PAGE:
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J Nucl Med. 2011 Feb;52(2):231-40. doi: 10.2967/jnumed.110.081745. Epub 2011 Jan 13.

Metabolic imaging allows early prediction of response to vandetanib.

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Institute of Nuclear Medicine, University Hospital, Bern, Switzerland.


The RET (rearranged-during-transfection protein) protooncogene triggers multiple intracellular signaling cascades regulating cell cycle progression and cellular metabolism. We therefore hypothesized that metabolic imaging could allow noninvasive detection of response to the RET inhibitor vandetanib in vivo.


The effects of vandetanib treatment on the full-genome expression and the metabolic profile were analyzed in the human medullary thyroid cancer cell line TT. In vitro, transcriptional changes of pathways regulating cell cycle progression and glucose, dopa, and thymidine metabolism were correlated to the results of cell cycle analysis and the uptake of (3)H-deoxyglucose, (3)H-3,4-dihydroxy-L-phenylalanine, and (3)H-thymidine under vandetanib treatment. In vivo, the tumor metabolism under vandetanib was monitored by small-animal PET of tumor-bearing mice.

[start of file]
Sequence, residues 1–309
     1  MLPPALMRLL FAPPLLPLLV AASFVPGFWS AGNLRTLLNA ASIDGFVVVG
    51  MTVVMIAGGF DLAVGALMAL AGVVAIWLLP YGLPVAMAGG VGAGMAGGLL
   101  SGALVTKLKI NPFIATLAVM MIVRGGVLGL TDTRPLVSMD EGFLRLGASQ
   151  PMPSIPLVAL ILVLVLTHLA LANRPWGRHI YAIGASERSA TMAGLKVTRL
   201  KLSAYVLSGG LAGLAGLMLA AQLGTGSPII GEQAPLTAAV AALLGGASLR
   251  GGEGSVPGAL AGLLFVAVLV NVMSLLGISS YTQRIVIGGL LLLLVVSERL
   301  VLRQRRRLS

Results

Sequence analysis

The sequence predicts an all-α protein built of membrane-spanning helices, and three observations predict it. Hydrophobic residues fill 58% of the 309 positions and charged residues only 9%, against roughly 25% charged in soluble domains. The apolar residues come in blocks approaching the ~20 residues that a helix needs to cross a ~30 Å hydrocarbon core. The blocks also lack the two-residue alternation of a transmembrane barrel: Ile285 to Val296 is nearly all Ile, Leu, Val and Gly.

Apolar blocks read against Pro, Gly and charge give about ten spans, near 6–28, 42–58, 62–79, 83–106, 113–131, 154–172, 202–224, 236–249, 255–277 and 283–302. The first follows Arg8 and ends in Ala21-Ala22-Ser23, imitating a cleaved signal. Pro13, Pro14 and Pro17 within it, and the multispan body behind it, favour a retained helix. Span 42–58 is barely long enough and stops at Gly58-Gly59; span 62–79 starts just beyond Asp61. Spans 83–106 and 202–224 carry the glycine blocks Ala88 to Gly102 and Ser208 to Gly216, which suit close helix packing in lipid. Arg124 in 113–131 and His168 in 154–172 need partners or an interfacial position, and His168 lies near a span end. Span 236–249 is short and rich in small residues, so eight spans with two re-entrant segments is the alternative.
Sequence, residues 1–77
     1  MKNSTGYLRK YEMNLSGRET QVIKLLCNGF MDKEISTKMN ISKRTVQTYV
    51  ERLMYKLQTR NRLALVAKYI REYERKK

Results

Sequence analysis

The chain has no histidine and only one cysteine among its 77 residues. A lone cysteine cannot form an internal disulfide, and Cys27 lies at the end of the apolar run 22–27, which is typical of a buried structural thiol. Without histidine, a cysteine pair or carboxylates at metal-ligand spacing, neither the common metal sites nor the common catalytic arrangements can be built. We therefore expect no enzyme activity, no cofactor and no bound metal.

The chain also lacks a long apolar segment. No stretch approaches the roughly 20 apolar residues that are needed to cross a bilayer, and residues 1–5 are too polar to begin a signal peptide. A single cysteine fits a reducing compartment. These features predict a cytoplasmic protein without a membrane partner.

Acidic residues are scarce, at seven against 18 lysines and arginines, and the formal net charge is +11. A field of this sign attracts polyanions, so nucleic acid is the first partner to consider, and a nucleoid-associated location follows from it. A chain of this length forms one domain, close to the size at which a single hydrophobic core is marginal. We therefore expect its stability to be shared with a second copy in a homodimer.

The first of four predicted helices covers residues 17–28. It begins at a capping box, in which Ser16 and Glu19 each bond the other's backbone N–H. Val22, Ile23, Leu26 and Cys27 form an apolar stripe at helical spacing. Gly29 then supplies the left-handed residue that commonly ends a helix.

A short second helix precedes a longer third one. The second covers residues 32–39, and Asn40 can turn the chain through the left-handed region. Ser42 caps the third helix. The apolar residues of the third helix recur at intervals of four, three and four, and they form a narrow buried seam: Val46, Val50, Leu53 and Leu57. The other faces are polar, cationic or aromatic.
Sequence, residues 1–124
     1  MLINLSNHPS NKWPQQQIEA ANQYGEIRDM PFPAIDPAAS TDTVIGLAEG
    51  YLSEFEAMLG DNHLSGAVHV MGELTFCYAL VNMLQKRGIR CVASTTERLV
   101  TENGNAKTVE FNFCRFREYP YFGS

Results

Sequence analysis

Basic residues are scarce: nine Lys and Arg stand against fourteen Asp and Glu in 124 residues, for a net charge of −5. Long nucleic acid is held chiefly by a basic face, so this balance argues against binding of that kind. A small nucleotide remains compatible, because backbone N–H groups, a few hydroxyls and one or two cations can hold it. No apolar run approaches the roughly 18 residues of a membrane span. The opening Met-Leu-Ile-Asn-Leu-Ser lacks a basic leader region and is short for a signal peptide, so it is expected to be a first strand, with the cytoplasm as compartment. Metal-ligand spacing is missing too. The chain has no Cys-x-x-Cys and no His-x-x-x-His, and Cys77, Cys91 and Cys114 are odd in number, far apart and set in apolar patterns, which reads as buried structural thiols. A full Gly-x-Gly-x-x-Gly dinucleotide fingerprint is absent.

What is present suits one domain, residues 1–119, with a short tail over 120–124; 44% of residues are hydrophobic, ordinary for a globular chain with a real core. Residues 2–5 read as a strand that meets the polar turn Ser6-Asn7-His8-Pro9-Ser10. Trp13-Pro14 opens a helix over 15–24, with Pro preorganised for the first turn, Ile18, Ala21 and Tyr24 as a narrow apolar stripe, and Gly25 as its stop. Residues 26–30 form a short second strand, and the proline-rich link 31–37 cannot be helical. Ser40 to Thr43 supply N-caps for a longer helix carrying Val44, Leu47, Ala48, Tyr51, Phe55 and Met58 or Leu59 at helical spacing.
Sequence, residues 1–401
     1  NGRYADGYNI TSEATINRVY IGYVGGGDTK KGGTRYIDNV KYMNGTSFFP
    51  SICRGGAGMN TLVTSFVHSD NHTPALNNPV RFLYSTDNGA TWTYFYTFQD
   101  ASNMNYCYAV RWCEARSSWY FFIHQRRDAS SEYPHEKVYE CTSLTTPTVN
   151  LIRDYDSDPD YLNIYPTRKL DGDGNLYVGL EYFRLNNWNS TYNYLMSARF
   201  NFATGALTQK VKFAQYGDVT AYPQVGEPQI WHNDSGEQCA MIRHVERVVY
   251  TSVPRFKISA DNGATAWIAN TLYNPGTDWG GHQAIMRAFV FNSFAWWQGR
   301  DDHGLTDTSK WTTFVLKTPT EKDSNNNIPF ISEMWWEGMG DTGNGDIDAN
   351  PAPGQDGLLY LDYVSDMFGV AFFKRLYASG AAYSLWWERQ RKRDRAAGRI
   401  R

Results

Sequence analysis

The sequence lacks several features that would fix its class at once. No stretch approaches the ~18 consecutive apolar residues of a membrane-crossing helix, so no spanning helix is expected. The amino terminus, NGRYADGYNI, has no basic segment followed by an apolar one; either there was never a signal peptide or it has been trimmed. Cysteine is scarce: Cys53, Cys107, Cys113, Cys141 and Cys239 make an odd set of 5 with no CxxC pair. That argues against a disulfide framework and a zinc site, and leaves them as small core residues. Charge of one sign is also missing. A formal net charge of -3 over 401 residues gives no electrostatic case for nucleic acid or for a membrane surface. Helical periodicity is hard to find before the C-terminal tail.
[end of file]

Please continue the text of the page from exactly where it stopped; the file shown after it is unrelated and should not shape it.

Vandetanib treatment resulted in the transcriptional downregulation of various effector pathways with consecutive downregulation of cyclin expression and a G(0)/G(1) arrest. In vitro, vandetanib treatment resulted in the decreased expression of genes regulating glucose, 3,4-dihydroxy-L-phenylalanine, and thymidine metabolism, with a subsequent reduction in the functional activity of the corresponding pathways. In vivo, metabolic imaging with PET was able to assess changes in the tumoral glucose metabolism profile as early as 3 d after initiation of vandetanib treatment.


We describe a metabolic imaging approach for the noninvasive detection of successful vandetanib treatment. Our results suggest that PET may be useful for identifying patients who respond to vandetanib early in the course of treatment.

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